Air New Zealand is confident that its new Airbus A321s will be spared engine issues that have afflicted other airlines around the world.
Its first A321neo (new engine option) is due for delivery within weeks, after a year-long delay because of engine problems.
The aircraft is longer than the A320s used on domestic and short haul routes and is equipped with cutting edge Pratt & Whitney geared turbo-fan engines which are more efficient and quieter than existing engines, but have suffered teething problems at other airlines, particularly India's IndiGo.
Faulty seals have been blamed for the problem but Air New Zealand's head of aircraft programmes, Kerry Reeves, said the airline had delayed delivery to get more certainty.
''As with new products there are sometimes infancy issues as the engine matures and no engine is immune to those things. I think now they've reached a reasonably high level of maturity and reliability,'' he said.
Air New Zealand has for the past year been grappling with problems affecting Rolls-Royce engines on much of its Dreamliner fleet and was being cautious with the new power plants for the A321s which will be used on Tasman and Pacific routes.
''The latest version of the engine with the highest level of improvements is basically very reliable,'' said Reeves.
The single-aisle A321 plane being readied for delivery by Airbus in Hamburg will be the first of seven to join the fleet over the next year.
They are 7.5m longer than A320s and will have 46 more seats in what Reeves says is a completely revamped interior.
''The concept of the neo is that it's very simple and it's something that many airlines operate around the world, however we felt we had the ability to make a significant change so we introduced a lot of our widebody research and thinking to the interior of the aircraft.''
The slimline seats - upholstered with leather from Taranaki - are wider than those on existing A320s.
The middle seat will be 49cm - 3cm wider than the middle seats on the airline's existing A320 short haul fleet - and the aisle and window seat 47cm - 1 cm wider than now.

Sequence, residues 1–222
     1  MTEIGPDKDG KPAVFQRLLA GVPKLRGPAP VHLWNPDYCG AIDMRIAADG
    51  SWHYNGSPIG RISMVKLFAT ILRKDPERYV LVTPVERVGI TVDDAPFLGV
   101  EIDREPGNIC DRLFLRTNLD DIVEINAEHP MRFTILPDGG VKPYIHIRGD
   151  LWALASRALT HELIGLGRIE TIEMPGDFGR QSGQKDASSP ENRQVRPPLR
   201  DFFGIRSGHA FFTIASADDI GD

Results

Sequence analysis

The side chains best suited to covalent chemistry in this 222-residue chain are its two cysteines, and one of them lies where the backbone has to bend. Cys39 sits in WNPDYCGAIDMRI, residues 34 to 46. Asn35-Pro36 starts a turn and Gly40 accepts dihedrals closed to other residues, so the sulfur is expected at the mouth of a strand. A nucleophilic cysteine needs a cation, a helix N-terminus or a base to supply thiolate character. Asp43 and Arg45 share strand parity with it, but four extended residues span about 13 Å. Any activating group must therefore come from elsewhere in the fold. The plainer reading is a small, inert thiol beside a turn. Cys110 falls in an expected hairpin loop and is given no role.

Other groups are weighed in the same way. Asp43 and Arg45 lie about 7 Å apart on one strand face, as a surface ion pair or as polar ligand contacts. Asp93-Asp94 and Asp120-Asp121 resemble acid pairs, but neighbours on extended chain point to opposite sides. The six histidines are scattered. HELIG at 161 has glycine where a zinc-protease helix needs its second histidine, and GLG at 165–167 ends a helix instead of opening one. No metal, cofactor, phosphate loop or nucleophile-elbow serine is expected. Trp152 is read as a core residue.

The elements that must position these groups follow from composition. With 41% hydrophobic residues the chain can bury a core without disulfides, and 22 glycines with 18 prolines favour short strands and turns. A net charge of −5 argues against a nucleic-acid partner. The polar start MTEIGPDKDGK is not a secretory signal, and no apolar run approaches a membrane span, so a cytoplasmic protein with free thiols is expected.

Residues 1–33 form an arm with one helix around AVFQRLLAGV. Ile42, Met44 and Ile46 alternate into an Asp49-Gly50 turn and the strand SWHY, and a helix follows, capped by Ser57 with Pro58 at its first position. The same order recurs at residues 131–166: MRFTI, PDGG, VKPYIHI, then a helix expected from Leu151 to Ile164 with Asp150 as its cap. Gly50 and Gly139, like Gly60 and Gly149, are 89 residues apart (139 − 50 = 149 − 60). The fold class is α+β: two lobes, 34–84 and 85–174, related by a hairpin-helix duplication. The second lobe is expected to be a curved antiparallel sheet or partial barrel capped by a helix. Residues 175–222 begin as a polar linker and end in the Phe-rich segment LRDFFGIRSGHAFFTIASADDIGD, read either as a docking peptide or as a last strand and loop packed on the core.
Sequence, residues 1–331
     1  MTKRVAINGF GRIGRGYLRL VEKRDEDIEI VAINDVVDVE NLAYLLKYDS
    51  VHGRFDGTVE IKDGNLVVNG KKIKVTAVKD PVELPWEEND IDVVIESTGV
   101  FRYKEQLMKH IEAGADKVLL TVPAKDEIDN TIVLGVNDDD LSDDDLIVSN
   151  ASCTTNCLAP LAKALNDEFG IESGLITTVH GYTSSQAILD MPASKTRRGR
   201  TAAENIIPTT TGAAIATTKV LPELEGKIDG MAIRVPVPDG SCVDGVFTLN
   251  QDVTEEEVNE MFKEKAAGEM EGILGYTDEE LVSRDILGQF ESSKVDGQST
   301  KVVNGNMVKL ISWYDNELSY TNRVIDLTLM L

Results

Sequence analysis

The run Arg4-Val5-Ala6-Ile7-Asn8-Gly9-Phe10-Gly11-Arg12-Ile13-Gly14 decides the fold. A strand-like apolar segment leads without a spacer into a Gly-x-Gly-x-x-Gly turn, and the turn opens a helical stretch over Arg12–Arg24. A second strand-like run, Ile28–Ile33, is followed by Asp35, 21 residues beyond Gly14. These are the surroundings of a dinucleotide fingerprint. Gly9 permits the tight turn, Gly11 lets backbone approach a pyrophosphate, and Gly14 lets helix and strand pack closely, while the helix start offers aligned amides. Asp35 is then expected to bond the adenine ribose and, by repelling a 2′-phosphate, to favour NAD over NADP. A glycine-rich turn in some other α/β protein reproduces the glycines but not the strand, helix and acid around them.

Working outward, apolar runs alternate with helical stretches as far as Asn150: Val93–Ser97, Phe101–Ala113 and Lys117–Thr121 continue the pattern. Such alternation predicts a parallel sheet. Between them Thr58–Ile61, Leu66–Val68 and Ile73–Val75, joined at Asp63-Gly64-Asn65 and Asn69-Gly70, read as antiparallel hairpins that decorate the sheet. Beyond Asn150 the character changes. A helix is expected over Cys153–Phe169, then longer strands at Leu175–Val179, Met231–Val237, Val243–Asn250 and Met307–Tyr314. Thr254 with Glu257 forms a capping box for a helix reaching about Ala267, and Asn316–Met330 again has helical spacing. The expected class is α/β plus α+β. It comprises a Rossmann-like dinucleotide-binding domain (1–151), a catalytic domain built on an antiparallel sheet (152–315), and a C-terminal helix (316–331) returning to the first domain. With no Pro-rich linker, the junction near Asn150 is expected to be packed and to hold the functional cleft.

This doesn't mean the aisle is narrower on the all-economy class plane. The additional width is a combination of a slightly narrower armrest and extending the seat structure further outboard.
Seat pitch (the distance between them, fore and aft) ranges from 29 inches to 33 inches (74-83cm) compared to 30-34 inches in A320s used on international flights.
Reeves said this added up to around a 7 per cent increase in personal space, which was ''a really important part of the travel experience".
He said the wider middle seat more fairly allocated personal space.
"With the aisle or the window seat, you by default get a little bit of extra space than is devoted to the middle person.''
Air New Zealand had also developed a new way of reclining the seats, with a sliding lever around knee level to activate the 5cm recline.
''Reclining the seat is one of those interesting, polarising thing that our passengers talk to us about - they want to have the ability to recline if they want, but they don't want people to come too far into their space,'' said Reeves.
The lever was much easier to use than the traditional button, which was sometimes hard to find and difficult for some people to use.
''This is innovative and the first time anyone has developed this,'' he said.
Overhead bins were bigger, with 25 per cent more space, partly because emergency equipment would be stored elsewhere.
Seat-back inflight entertainment screens were larger and there was a quick USB charging port. Tray tables had also been modified to better cater for the mix of business and leisure travellers.
Air New Zealand is investing in 13 Airbus neo aircraft (seven A321neos and six A320neos) to replace the A320 fleet that provides short haul and domestic services, and a further seven Airbus A321neos for anticipated domestic network growth.
At current list prices, the combined value of the two aircraft orders is $2.8 billion, although airlines typically get significant discounts on this.